NetFlow? Netflow-Lite? Are you confused with these two? How much do you know about them? Can Cisco 4948E do the same job as Cisco 4500E? Can you tell some differences between Netflow and Netflow-Lite? Well, if you have some answers for these questions, it will help you select a right Cisco switch.
Cisco NetFlow technology is one of the most scalable ways to provide this information throughout your network infrastructure. NetFlow-lite (first introduced with Catalyst 4948E) bridges the gap by providing a lightweight solution that allows capturing of important flow information through packet sampling mechanisms combined with the extensibility of NetFlow version 9 and IPFIX.
NetFlow and NetFlow-Lite are both the same in reporting capabilities except that NetFlow-Lite is sampling based and is supported only by one reporting tool, which is nProbe. To use NetFlow-Lite with other flow analyzer tools, you need an installation of nProbe which will convert NetFlow-Lite into traditional NetFlow before it can be processed by flow analyzer tools.
nProbe is open source tool and is not very easy to setup. The reporting options may not be as extensive as in other flow tools like those from ManageEngine, Solarwinds, etc and is also limited to just NetFlow. If you are familiar with nProbe configuration and setup or you already use nProbe for NetFlow reporting, then you go ahead with NetFlow-Lite.
If you prefer a ready to use tool available in the market like Manage Engine, go for the switch which supports traditional NetFlow export. This way you need not have 2 tools in your network to get NetFlow reports.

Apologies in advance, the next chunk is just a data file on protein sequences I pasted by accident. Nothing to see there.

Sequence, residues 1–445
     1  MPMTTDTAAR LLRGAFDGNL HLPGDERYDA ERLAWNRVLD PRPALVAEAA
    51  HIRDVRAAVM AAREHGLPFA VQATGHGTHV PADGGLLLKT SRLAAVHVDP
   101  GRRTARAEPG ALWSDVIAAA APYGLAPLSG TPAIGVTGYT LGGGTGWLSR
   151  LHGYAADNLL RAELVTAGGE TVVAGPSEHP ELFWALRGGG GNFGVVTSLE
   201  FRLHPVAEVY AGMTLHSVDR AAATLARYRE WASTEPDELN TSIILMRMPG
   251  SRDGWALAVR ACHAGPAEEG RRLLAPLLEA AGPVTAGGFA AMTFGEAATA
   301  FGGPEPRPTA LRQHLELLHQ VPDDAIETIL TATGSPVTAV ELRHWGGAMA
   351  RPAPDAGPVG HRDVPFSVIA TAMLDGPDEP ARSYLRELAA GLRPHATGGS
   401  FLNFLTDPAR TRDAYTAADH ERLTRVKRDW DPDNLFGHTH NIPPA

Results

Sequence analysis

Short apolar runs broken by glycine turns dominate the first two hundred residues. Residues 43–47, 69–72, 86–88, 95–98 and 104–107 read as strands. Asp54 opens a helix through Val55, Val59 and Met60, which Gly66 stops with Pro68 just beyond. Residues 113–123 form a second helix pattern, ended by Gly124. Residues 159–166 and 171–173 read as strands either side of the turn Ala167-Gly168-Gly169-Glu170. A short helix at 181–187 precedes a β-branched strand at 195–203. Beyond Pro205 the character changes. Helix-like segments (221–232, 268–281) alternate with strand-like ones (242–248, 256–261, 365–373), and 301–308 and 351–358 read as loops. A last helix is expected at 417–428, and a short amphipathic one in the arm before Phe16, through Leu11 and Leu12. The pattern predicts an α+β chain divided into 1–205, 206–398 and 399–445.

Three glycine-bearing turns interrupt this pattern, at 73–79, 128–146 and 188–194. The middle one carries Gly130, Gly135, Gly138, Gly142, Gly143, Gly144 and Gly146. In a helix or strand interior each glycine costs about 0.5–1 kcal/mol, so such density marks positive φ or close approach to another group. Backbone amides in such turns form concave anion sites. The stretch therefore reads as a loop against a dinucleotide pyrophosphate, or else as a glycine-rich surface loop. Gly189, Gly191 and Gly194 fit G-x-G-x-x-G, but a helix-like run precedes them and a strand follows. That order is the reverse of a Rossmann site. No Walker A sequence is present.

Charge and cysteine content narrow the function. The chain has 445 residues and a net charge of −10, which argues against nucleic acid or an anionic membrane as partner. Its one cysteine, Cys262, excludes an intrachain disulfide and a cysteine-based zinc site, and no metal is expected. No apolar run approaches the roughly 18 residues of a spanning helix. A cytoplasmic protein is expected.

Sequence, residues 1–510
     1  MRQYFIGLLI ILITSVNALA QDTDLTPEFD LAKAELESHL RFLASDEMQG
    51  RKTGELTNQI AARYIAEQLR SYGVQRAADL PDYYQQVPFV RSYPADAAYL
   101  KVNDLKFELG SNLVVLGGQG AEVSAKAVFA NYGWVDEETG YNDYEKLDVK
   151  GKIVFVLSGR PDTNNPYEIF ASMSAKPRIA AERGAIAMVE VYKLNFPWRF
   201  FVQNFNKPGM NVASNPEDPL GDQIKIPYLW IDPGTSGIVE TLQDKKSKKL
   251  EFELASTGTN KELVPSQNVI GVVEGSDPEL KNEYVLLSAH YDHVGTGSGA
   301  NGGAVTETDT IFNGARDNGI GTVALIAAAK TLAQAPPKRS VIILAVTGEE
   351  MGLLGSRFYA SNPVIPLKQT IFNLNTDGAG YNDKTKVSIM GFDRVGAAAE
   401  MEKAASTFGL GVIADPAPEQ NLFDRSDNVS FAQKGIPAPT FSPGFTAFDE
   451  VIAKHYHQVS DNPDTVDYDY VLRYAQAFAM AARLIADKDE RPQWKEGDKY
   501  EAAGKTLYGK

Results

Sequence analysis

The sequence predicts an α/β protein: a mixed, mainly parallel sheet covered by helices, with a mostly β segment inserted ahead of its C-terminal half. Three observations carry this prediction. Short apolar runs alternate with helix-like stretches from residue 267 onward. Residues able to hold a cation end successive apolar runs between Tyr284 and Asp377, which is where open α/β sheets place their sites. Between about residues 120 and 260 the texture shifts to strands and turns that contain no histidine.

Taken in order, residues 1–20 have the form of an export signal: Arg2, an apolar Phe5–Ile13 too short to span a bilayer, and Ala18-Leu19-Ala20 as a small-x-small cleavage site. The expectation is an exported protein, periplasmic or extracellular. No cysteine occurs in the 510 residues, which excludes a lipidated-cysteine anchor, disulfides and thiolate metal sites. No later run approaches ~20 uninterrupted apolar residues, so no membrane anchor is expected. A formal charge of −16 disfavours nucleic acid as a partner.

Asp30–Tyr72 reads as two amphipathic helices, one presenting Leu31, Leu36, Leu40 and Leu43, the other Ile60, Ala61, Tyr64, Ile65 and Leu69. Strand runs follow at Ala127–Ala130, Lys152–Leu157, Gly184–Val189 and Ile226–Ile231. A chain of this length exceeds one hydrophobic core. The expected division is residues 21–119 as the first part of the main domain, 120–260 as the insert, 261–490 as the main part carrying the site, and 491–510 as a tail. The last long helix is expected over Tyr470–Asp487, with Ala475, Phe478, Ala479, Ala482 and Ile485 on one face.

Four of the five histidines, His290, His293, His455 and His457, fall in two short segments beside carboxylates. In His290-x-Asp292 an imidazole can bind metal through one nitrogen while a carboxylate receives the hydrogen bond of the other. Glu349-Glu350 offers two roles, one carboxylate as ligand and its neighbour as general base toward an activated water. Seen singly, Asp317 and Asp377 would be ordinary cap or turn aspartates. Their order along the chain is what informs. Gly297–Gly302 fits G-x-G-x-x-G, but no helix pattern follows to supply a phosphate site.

Furthermore, if you have a multi vendor network which sends many different flow formats and need a single tool to monitor them all, with extensive reporting and graphing options, nProbe will not be sufficient and so go with the switch that supports traditional NetFlow.
Netflow-Lite technology efficiently provides the metering base for a key set of applications including network traffic accounting, usage-based network billing, network planning, as well as Denial Services monitoring capabilities, network monitoring, outbound marketing, and data mining capabilities for both service provider and enterprise customers. Cisco provides a set of NetFlow applications to collect NetFlow export data, perform data volume reduction, post-processing, and provide to end-user applications easy access to NetFlow data. Cisco is currently working with a number of partners to provide customers with comprehensive solutions for NetFlow-based billing, planning and monitoring.
Application Visibility in Data Center
Why Application Visibility in Data Center
- What applications are consuming bandwidth
- Who is using them
- When they are being used
- What activities are prevalent
Visibility into the network & control
End-user experience management
Network and capacity planning
What is NetFlow-lite for?
- Traffic monitoring capability for east-west & north-south L2/L3 traffic.
- Identify top talkers (applications, servers, hosts)
- Capacity planning thru insights of link/network utilization
What does NetFlow-lite Provide?